Pathology plays a central role in the era of personalized medicine
As a pathologist, I recognize the importance of every diagnosis. Behind each slide is a patient, a family, a network of family and friends. A string of dominoes that is set into motion with my diagnosis. All treatment begins with a diagnosis. Each day I make these diagnoses, but on holidays, it takes on even more meaning. As the rest of the world is celebrating the season, coming together, medicine does not stop. Specimens continue to be dropped off, test tubes of blood flow through the lab instruments; lab results come out guiding the treatment of both inpatients and outpatients.
On New Year’s Eve, five separate oncologists contacted me about cases.
Two new lymphoma diagnoses in young patients.
A microscopic finding in a lung cancer patient that would determine whether the patient would get chemotherapy or not.
A bone marrow in a patient in whom myeloma is being considered.
A possible pancreatic cancer.
I thought about what these diagnoses mean. New Year’s is the perfect time to reflect on the past, the current state and the future of cancer research and treatment. A look back to advances in 2014 from right here in Boston where pathologists and oncologists made great strides:
An important step towards personalized medicine is the establishment of a repository of patient samples. The Partners Healthcare Biobank is one such example. Patients at Partners hospitals are asked to donate a blood sample and fill out a questionnaire. By studying genetics and lifestyle, important insight is being gained in health and disease.
Pathologists, oncologists and other researchers at Brigham and Women’s Hospital and Dana Farber have developed a rapid test that screens patients with blood cancers providing important information on prognosis and treatment choice.
Another initiative underway at Dana Farber and Brigham and Women’s Hospital is the Profile project. Here scientists are profiling every patient’s cancer to look for mutations that have the possibility to be exploited for treatment.
All of this research is aimed at identifying biomarkers for disease and involves a powerful gene sequencing technology that has transformed the world of cancer research and care. Traditionally, decoding or sequencing genes was a tedious process in which each of the 3 billion base pairs making up DNA was “read” one at time. Now, using “next generation sequencing” hundreds of thousands of base pairs are read simultaneously. These reads are then reassembled into complete genes, like piecing together a jigsaw puzzle. Results are available in less than a week, in contrast to months or even years using older technology. Pathology plays a central role in this era of personalized medicine.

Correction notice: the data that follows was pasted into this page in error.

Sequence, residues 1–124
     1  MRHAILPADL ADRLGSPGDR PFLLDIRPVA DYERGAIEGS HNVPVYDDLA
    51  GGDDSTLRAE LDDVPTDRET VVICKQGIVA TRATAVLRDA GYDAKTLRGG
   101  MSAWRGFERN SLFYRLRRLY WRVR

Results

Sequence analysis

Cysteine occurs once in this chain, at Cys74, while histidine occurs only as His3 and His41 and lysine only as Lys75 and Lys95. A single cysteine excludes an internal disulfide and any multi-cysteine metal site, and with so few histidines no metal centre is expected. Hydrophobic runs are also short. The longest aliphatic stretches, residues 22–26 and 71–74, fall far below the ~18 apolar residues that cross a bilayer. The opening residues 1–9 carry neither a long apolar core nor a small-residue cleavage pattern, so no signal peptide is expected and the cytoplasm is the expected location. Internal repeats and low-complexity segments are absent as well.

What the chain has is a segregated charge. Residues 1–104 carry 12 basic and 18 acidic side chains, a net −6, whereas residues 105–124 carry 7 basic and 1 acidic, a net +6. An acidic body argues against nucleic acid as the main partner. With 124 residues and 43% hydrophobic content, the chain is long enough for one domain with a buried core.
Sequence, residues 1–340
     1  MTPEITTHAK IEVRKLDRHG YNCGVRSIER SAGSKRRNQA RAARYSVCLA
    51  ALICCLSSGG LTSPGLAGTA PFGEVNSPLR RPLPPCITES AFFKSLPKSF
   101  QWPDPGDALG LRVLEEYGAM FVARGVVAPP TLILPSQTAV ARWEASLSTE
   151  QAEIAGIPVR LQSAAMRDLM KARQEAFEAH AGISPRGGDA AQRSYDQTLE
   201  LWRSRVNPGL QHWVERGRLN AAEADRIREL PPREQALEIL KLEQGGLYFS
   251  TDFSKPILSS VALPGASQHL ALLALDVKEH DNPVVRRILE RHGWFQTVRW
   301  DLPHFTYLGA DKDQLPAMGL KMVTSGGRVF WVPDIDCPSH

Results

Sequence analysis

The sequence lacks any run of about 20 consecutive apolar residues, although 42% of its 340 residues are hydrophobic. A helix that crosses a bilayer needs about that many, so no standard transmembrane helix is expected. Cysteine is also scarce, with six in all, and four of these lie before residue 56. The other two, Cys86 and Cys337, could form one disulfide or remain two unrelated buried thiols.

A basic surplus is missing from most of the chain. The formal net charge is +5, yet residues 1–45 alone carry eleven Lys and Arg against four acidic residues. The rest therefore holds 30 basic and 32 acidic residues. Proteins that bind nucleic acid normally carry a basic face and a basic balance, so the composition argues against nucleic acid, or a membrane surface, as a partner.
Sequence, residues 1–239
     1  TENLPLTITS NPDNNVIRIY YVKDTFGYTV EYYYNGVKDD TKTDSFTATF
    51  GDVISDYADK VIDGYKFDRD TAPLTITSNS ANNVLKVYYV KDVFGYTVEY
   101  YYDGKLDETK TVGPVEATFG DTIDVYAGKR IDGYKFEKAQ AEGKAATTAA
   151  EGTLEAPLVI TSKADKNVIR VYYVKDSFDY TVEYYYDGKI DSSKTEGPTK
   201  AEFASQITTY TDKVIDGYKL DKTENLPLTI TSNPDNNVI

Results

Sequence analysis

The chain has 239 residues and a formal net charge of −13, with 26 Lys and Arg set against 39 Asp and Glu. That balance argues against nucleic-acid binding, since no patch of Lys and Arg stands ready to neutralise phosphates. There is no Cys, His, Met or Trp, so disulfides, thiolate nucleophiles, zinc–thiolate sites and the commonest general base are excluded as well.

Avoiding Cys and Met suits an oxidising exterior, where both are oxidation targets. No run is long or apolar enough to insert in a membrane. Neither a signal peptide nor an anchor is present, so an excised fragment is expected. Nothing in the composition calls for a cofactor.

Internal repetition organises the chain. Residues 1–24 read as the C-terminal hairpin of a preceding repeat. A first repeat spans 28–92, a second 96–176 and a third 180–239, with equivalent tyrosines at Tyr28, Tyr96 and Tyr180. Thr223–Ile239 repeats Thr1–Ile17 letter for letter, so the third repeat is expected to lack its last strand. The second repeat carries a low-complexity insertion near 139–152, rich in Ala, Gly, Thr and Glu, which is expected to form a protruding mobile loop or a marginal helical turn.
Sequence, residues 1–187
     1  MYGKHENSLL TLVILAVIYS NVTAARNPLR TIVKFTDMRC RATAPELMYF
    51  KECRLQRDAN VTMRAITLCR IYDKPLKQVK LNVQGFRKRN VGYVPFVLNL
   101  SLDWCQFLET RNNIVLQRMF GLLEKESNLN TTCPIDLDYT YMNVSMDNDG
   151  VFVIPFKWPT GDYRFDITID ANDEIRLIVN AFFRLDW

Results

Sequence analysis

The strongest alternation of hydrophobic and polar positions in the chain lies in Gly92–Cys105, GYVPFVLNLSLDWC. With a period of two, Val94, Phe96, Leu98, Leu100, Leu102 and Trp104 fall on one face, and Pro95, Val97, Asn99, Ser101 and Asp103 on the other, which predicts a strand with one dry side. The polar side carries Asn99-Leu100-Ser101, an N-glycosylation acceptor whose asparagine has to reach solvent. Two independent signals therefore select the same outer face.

This past year also brought advances in multiple myeloma. Researchers from Massachusetts General Hospital reported at the 2014 American Society of Hematology conference on new ways to treat early myeloma. At the 2014 San Antonio Breast Cancer Symposium researchers from Dana Farber delivered hopeful studies for young patients with breast cancer.
Oncologists and pathologists have a long history of collaboration. Among these are development of guidelines regarding breast cancer biomarker reporting and lung cancer molecular testing.Most recently, there will be a cooperative effort in the creation of molecular tumor board. In this age of personalized medicine, the need is now greater than ever to work together. In order to ensure safe, high-quality, cost-effective care, such partnerships are vital.
Meanwhile back in the lab, the hospital keeps moving. Specimens arrive and the diagnoses will continue. There is a team working behind each of these slides, each and every day. In an instant those age old resolutions seem insignificant in the face of these diagnoses. So keep in mind all those suffering as you work on fulfilling your resolutions. 2015 promises to bring even more exciting news. I am hoping to do my part.
Article originally appeared on KevinMD